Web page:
In July there was a total of 21 sick with 15 deaths. In August 9 fell ill with 7 deaths. The last soldier died on 16 September. The 2nd/4th had a total of 31 sick and 23 deaths. Deaths from cholera occurred at Floriana Barracks (5), Floriana Pavilion (1), Notre Dame Ravelin (4), Horn Works (3), Valletta Hospital (2), and Floriana Encampment (8).

Memorial erected at Quarantine Bastion Cemetery Floriana by B Coy 4th Battalion King's Own Royal Regiment to their comrades who died of cholera in August 1865:

  1. Pte Thomas Bell
  2. Pte Samuel Rood
  3. Pte Griffin Bond
  4. William Brooks 2nd/4th KORR died of cholera 16 Sept 1865 aged 26 years. (Quarantine Bastion Cemetery Floriana).

1866 2nd/4th the King's Own

In 1866, the regiment had an average strength of 157 men. There were 68 hospital admissions (433.1 admissions per 1000 of mean strength) with 1 death in hospital (6.37 deaths per 1000 of mean strength).

27 Mar 1866 The 2nd Battalion embarked for Nova Scotia where it arrived on 21 Apr 1866. It was relieved by 1st/8th Regiment.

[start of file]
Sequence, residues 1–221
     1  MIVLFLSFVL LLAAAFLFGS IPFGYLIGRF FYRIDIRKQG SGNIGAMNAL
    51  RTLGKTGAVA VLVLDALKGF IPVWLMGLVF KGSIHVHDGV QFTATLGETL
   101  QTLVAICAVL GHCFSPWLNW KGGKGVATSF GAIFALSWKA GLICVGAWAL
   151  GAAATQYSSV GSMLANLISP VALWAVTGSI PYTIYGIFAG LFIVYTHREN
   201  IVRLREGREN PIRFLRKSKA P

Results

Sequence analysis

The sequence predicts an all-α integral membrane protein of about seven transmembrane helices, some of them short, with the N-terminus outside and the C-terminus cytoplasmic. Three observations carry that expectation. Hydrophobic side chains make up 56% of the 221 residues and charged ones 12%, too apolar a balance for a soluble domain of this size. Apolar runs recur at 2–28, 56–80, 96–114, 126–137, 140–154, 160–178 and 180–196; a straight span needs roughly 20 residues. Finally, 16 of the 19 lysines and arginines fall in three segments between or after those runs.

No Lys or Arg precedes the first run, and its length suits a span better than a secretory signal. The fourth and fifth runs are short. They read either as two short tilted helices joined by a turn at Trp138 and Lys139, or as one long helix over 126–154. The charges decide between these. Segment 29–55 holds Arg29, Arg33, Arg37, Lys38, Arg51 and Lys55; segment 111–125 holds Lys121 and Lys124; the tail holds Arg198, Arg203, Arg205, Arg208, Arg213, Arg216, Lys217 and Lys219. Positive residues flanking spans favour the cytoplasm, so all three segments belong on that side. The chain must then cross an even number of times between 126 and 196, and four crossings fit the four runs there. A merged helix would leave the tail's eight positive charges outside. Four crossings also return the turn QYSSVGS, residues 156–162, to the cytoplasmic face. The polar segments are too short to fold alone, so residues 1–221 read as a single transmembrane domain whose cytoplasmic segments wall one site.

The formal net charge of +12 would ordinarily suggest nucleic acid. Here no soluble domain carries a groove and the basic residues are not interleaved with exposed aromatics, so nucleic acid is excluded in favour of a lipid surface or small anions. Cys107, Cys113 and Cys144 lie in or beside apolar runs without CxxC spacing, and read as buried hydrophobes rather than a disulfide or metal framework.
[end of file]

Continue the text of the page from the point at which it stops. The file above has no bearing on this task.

The 8th Battalion The King's Own Royal Regiment (Lancaster)

Salkeld J
3717811 Pte Joseph Salkeld died 21 Apr 1942 aged 30 yrs. (Mtarfa Military Cemetery)

1941 8th/KORR (Lancaster)

2 Aug 1941 The 8th Battalion arrived at Malta. It had 33 officers and 810 men.

1942 8th/KORR (Lancaster)

1943 8th/KORR (Lancaster)

Malta 10 Oct 1943 The 8th Battalion left for Palestine. On 30 Jan 1944, it absorbed 58 survivors of the 1st Battalion. This had moved to Leros from Palestine in 1943 and was virtually annihilated in the German assault on the island.

References

  1. Farmer, J. S., 1984. The regimental records of the British Army Reprint Edition, Trowbridge, Wiltshire: Crecy Books.
  2. Edwards, T. J., 1980. Regimental Badges First Edition, Tonbridge, Kent: Ernest Benn Ltd.
  3. TNA:WO 379/15. Stations of Regiments 1901–1920.
  4. Boileau, J. P. H., A few remarks on yellow fever and on the movement of troops. Br Med J (1882), page 7, (Published 7 Jan 1882).
  5. TNA:WO 156/122; List of gravestones at the Military and Civil Cemetery 1801–1865 and the Quarantine Bastion Cemetery 1819–1867 compiled by the Rev D B L Foster Assistant Chaplain General Western Mediterranean in May 1939.
  6. TNA:WO 156/115. Register of burials in the military cemetery Rinella from January 1890 to January 1908.
  7. TNA:WO 156/113. Register of burials September 1853 to June 1862.